A friend of Torah MiTzion
Currently head Nurse of SHEKEL – Inclusion for People with Disabilities
The Malbim gives the pshat (text based) answer. He connects Aaron’s death with the story following it, when the king of Arad wages war against the Jews and wins, even taking captives. The Malbim claims that special clouds of glory which protected the Jewish people in the desert were in Aaron’s honor and thus they were removed when he died. Therefore Caananite kings were able to win wars against them, and their defeat in battle is what all the people were mourning. Not his death per se, but its consequence, which heavily affected all of the Jewish people. This is similar to the idea earlier in the Parsha which connects the death of Miriam to the loss of the well that traveled with the people, resulting in their complaining for water immediately following her demise. But according to Gemora Taanit (9), both Miriam’s gift of the well and Aaron’s gift of the clouds of glory ultimately returned in Moshe’s merit. So we are left with our original question!
Rashi gives a more midrashic (exegesis) answer. He expands on the idea from Pirkei Avot (1:12) that Aaron was known for pursuing peace, especially between feuding couples, and therefore he was loved by all. The Gur Aryeh explains that Aaron understood that to help couples reconcile it was necessary to talk to each member individually according to each ones’ gender, and that is how he was so successful at making peace. Moshe, on the other hand, spoke to men and women the same and therefore there was one universal act of crying for him as opposed to the different types of crying by men and by women for Aaron.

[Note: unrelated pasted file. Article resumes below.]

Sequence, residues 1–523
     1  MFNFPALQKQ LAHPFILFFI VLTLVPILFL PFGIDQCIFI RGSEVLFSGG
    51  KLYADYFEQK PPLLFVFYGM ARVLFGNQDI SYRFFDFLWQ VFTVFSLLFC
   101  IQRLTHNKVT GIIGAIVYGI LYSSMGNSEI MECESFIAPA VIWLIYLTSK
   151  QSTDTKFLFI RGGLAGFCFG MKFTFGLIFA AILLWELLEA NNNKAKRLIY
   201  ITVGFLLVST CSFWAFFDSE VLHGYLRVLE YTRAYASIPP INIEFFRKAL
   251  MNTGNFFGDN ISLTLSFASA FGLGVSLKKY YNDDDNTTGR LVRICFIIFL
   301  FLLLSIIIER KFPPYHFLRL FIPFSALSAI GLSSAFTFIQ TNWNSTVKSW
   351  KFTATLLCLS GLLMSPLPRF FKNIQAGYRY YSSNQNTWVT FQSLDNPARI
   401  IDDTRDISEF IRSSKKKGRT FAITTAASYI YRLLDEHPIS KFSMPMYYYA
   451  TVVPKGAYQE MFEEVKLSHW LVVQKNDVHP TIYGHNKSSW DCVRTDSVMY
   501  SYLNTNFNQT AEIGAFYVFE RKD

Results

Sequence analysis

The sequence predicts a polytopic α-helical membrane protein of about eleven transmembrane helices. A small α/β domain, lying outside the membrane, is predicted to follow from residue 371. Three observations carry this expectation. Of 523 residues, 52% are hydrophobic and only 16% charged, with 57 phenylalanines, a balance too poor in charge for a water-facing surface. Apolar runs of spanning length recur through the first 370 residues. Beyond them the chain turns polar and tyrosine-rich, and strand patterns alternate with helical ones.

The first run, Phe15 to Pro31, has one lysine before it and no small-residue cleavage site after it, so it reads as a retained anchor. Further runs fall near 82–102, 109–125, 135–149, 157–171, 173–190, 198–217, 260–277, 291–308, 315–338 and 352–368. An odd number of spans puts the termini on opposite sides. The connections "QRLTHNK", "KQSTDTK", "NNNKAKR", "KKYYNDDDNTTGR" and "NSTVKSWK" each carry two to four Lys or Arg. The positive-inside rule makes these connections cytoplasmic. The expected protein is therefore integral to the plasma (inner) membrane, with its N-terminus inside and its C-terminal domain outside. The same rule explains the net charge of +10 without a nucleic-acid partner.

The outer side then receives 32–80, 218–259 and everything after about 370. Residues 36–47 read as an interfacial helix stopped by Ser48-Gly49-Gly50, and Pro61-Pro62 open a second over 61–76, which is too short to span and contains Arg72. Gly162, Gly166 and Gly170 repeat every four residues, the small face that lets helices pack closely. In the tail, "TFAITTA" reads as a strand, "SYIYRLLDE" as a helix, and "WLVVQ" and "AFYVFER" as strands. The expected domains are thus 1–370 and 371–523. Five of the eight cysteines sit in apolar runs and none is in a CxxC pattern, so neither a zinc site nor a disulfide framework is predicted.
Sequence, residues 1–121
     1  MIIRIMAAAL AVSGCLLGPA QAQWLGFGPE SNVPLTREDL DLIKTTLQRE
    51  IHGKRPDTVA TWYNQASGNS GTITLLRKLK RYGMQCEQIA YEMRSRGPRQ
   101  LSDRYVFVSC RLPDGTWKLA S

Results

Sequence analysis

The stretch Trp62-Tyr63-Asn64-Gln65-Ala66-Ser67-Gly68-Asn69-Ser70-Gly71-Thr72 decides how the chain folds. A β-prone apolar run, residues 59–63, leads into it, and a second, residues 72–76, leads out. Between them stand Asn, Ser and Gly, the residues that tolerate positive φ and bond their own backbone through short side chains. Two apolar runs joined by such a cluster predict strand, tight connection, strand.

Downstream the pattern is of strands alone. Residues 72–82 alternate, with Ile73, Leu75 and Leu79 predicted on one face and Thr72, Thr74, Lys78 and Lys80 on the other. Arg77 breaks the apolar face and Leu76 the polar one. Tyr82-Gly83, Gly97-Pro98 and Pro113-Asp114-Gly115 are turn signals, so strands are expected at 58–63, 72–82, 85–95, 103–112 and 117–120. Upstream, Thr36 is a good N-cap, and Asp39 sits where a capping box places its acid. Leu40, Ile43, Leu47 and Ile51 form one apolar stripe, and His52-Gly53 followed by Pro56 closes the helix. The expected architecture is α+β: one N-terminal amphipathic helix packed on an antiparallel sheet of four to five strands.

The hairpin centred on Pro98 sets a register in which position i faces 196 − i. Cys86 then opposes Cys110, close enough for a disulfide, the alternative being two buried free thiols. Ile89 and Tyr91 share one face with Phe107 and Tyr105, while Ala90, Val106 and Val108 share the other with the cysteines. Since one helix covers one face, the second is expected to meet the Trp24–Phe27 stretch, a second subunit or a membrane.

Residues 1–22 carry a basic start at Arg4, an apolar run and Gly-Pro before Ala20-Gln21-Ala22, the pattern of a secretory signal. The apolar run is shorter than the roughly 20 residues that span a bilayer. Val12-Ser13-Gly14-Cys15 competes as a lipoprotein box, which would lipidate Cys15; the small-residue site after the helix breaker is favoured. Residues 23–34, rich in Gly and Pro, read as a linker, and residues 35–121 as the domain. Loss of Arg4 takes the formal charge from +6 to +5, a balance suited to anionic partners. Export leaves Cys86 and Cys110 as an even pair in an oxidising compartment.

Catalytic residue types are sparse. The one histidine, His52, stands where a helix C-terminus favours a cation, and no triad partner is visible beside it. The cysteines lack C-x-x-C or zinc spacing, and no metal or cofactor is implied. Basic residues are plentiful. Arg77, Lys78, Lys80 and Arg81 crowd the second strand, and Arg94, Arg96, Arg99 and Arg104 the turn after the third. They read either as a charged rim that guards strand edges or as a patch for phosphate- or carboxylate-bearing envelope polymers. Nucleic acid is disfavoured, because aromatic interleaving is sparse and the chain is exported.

It is truly amazing that this famous trait of Aaron’s is learned out from just two words describing an event after his death! Maybe this is a lesson for us that mankind has a tendency not to really appreciate someone until they are gone. Hopefully we can continue to follow the words of Hillel in Pirkei Avot and learn to be more like Aaron, spreading peace and looking for the good in all the people around us, even those whose looks or behaviors might be different from our own.